Gentlemen Cordite, Lieutenant Commander Warwick
edited by Nicholas Bracegirdle

HMAS Perth wins her spurs


Warwick went ashore one morning to buy a new lovat pipe.  The new pipe met with an unexpected "accident".  Luckily the gunners were in their overall suits but they went to sea earlier than planned.  The firing orders for that day were NOT in the drill book!!!

It was early one morning off Malta in January 1941.   The 6" gun cruiser, HMAS Perth, had relieved HMAS Sydney.   Sydney flashed a message "Good luck, you're joining the best Squadron in the Fleet".   We thanked her and she turned away towards Port Said to sail East for refit and leave in Australia.   Some of us never saw her again because that wonderful ship was sunk in action by a cleverly disguised German raider "Kormoran" off the N.W. coast of Western Australia with no survivors from her crew of 600.   But the German raider also sank with her.  Good Gunnery.

There was great tension off Malta that morning.   The aircraft carrier, H.M.S. Illustrious, and with it the eastern Mediterranean fleet, had been covering an important Malta convoy bringing urgent supplies for battle scarred Malta.   Food, ammunition and petrol for fighters.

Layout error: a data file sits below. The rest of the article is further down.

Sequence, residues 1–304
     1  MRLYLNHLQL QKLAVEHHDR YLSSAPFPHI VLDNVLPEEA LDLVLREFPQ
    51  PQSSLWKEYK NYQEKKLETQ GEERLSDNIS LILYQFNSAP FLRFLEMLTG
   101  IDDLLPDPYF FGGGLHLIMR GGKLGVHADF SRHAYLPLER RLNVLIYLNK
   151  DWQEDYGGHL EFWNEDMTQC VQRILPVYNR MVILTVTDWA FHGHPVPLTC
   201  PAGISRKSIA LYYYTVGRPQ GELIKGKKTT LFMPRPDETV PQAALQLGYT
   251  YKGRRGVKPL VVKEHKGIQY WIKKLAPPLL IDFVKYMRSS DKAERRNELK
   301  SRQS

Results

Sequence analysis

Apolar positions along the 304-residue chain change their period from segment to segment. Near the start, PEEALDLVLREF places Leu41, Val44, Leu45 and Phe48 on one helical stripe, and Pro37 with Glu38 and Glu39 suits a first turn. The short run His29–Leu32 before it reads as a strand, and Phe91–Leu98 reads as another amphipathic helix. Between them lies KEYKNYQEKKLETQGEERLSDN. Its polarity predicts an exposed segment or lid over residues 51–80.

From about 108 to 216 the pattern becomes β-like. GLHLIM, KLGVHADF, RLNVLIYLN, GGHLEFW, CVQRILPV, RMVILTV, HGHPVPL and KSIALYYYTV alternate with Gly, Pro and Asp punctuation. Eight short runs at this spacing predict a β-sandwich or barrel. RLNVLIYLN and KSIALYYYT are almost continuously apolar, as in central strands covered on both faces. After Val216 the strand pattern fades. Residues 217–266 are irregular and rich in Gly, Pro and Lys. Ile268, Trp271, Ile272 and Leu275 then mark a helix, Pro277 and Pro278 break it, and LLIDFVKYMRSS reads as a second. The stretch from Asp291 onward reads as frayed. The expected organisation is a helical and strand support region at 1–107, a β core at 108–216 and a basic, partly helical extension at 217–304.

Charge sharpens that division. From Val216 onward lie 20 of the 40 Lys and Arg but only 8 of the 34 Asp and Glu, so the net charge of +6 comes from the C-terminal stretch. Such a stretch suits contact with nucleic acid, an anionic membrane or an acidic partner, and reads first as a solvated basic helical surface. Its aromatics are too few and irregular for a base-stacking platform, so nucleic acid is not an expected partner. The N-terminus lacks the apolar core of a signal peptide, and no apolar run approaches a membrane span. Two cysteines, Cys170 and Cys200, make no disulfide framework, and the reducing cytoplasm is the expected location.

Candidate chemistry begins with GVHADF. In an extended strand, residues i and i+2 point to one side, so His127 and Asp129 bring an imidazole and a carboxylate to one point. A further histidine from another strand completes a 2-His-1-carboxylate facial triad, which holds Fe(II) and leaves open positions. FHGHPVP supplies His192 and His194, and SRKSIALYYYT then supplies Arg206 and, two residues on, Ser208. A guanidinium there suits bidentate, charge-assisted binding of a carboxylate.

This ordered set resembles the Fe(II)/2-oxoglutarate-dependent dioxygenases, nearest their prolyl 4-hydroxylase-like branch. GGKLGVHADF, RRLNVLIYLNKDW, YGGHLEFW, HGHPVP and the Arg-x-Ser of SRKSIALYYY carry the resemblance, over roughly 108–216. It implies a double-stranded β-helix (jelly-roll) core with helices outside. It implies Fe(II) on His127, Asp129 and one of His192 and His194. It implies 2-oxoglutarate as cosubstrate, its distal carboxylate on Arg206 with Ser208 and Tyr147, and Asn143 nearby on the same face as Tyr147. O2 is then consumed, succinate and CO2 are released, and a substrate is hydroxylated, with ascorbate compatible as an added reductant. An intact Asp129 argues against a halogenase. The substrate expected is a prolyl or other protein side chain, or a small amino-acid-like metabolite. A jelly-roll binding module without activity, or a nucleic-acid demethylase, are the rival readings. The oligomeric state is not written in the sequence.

The convoy had arrived in darkness but that morning at dawn the real "first eleven" of Goering's own Luftwaffe squadrons based on Sicily, the yellow nosed Stukas (Junkers 87s) with a high fighter cover of ME 109s, had jumped the "Illustrious".   She had put up a superb fight but was badly hit, ship's side, aircraft lift damaged.   She was licking her wounds and like a fighting lady was being given V.I.P. treatment as she entered harbour.

She went in ahead.   First into Grand Harbour and then berthed in Dockyard Creek opposite side to us.   The Maltese dockyard workers swarmed over her damaged bulkheads like bees.   The 'Illustrious' prepared to bury her dead.   We marvelled at the large ship's escape.  

Our engine room staff cleaned one boiler and there was a calm over Dockyard Creek and Grand Harbour.

We kept our anti-aircraft guns manned in watches day and night in harbour.   A refrigerator ship, SS Essex, with a cargo of ammunition and food was unloading 200 yards astern of us.   In a dry dock 500 yards away was a submarine under short refit.   The sky was cloudy and there was a slight haze.   That was the reason for the lull before the storm.